Russia Raises Flags Over Ukraine Naval HQ in Crimea

Russian flags were raised above Ukraine’s naval headquarters in Crimea on Wednesday, shortly after pro-Russian ‘defense forces’ took over the base and at least some Ukrainian officers were seen walking off the base in civilian clothes.

Orders from Kiev on Tuesday authorized Ukraine soldiers stranded on their bases on the peninsula to use their weapons, but in this case no shots were fired.

According to Reuters:

The takeover comes a day after an incident at a separate military installation on the Crimean peninsula—whose citizens declared their independence from the government in Kiev on Sunday—left one Ukrainian soldier dead, raising worries that the growing political tension could lead to further violence.

Following a fiery speech on Tuesday in which he accused western nations of hypocrisy over their stance on Ukraine, Russian President Vladimir Putin signed a declaration making the annexation of Crimea official. Leaders of the government in Kiev, however, called the move an “illegal” form of military aggression and said they do not recognize Crimea’s newly declared status as a Russian republic.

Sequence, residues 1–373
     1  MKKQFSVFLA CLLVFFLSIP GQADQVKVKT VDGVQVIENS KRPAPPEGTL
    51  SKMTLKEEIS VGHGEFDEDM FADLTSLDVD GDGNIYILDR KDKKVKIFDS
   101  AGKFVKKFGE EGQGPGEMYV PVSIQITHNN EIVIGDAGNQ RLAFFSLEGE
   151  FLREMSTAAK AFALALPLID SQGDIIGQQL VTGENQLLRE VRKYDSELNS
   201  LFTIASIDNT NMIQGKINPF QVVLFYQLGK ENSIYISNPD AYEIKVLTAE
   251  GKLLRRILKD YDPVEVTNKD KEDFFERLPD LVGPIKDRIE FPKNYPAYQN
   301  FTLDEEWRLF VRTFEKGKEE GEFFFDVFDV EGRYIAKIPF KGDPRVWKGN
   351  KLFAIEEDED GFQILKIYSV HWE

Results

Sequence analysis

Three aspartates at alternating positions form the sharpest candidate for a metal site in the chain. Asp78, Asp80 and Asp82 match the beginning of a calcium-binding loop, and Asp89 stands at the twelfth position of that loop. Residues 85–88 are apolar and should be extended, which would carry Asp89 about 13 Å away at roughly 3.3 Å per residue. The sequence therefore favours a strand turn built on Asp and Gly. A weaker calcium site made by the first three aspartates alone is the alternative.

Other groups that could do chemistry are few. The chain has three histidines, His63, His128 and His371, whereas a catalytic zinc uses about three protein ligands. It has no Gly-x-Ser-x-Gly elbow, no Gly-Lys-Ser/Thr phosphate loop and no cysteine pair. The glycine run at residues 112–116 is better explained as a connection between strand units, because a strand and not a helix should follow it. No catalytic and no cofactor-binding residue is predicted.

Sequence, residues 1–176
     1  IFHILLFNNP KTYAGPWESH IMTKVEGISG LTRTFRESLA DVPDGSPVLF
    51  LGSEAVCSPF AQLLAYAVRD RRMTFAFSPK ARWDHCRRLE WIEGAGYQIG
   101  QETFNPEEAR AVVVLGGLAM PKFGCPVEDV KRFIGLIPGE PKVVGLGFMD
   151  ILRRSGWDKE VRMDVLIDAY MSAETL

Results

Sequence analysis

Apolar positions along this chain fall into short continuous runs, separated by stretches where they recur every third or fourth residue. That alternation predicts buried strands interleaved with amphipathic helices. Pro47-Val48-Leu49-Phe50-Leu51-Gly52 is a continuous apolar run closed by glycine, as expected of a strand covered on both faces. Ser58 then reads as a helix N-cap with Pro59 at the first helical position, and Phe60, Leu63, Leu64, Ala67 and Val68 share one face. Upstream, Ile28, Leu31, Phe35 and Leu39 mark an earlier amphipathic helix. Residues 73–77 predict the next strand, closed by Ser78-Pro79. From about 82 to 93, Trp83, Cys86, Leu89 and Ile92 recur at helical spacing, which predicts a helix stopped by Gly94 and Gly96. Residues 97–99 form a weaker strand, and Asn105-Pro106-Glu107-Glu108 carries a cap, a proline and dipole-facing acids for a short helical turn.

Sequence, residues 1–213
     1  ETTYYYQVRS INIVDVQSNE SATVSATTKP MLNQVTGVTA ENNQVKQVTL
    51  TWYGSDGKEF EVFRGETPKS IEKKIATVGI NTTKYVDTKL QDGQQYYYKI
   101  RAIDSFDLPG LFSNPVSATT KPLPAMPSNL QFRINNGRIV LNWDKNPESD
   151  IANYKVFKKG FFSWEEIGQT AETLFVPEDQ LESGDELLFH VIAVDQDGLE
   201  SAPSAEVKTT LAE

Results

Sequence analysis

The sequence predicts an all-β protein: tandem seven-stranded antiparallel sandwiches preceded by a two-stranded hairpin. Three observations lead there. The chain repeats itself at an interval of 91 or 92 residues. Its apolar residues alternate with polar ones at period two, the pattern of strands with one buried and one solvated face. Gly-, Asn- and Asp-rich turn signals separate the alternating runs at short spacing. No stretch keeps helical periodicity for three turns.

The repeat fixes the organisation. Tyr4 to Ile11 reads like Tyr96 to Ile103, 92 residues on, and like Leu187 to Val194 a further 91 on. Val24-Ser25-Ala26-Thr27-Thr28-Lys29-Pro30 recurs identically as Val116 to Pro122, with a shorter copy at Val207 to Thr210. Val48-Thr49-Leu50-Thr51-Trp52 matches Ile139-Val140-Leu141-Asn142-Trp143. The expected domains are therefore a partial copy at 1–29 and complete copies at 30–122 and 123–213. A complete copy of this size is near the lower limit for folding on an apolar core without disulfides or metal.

The Guardian reports:

Both the US and EU states have taken the side of Kiev in the debate, but have so far fulfilled threats to “punish” Russia by imposing what most analysts agree are rather insignificant sanctions against Russian officials, including freezing of assets and travel bans.

Stronger sanctions are under consideration, according to White House officials, including Vice President Joe Biden who spoke on the issue on Tuesday from Poland.

At a joint press conference with Polish Prime Minister Donald Tusk, Biden promised that Poland would continue to receive military aid as one of its key NATO allies bordering Russia, including a controversial missile “defense” system.

“That is our commitment — an operational missile-defense system by 2018 here in Poland,” Biden said.

The issue of the missile shield in Poland is important because Moscow has repeatedly stated that the crisis in Ukraine partly stems from repeatedly broken promises about NATO’s eastward expansion. Placing missile installations in Poland and other Baltic states is seen by Russians as a threat, given their memories of two world wars in which they faced military invasions from their western borders with Europe.

As Melvin Goodman, a former CIA analyst, recently wrote:

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